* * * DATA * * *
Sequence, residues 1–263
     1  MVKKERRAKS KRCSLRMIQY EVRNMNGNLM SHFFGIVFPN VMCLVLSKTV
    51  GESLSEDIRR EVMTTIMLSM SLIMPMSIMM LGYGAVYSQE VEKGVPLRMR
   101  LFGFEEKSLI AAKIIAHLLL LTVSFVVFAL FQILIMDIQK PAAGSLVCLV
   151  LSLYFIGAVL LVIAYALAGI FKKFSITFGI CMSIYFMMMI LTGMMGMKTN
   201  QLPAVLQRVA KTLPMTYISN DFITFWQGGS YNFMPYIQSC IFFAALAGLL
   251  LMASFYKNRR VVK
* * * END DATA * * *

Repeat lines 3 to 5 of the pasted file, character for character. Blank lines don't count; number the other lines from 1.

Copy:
    51  GESLSEDIRR EVMTTIMLSM SLIMPMSIMM LGYGAVYSQE VEKGVPLRMR
   101  LFGFEEKSLI AAKIIAHLLL LTVSFVVFAL FQILIMDIQK PAAGSLVCLV
   151  LSLYFIGAVL LVIAYALAGI FKKFSITFGI CMSIYFMMMI LTGMMGMKTN